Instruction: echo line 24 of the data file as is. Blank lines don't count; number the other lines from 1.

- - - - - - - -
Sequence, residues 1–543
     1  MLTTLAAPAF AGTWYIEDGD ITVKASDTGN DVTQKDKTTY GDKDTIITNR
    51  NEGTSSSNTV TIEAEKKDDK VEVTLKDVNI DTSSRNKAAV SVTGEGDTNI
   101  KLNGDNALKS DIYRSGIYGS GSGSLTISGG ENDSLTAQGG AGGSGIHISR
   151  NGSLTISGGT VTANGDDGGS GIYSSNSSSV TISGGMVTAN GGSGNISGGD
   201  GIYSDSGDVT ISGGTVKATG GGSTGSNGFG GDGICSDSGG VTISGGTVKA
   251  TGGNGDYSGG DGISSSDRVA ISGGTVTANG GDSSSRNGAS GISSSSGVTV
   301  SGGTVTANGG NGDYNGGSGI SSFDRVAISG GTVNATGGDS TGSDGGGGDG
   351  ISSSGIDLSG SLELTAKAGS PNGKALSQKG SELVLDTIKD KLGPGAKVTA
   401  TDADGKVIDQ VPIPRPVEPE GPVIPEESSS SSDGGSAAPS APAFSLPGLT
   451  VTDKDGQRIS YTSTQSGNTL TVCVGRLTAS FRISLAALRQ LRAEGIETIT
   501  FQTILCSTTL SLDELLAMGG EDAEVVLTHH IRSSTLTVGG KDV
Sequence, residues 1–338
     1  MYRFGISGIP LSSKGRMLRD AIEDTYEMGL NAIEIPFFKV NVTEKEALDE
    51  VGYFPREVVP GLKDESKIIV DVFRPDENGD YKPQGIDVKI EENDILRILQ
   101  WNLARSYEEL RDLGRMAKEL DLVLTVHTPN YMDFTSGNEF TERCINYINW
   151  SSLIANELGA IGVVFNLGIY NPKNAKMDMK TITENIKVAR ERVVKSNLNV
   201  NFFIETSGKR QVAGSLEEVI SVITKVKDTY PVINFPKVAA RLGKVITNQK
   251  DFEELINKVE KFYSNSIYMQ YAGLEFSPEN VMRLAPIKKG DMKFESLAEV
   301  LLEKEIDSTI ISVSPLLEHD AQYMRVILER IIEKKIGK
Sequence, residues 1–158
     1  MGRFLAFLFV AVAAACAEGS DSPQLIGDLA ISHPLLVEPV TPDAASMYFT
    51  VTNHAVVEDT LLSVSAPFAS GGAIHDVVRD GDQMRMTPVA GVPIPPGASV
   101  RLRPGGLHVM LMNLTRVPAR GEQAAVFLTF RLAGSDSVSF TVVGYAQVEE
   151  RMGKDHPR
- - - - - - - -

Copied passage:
   101  RLRPGGLHVM LMNLTRVPAR GEQAAVFLTF RLAGSDSVSF TVVGYAQVEE